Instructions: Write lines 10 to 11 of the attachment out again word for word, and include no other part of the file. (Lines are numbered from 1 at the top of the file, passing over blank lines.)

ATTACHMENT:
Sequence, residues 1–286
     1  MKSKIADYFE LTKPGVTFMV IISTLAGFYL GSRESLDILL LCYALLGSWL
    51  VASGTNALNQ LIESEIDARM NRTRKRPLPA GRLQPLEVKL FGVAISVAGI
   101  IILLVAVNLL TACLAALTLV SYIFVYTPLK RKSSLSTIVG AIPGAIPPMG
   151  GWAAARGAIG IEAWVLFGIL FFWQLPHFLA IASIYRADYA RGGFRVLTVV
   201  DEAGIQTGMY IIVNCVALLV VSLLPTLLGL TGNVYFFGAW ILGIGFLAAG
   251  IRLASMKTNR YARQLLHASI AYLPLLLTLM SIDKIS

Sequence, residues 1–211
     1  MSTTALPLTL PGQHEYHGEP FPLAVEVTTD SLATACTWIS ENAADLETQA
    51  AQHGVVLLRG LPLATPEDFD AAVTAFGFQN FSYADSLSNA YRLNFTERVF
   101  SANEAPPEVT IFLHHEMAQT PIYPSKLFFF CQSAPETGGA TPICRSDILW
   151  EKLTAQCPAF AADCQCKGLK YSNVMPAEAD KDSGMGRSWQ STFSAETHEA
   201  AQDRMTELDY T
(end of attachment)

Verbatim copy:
    51  AQHGVVLLRG LPLATPEDFD AAVTAFGFQN FSYADSLSNA YRLNFTERVF
   101  SANEAPPEVT IFLHHEMAQT PIYPSKLFFF CQSAPETGGA TPICRSDILW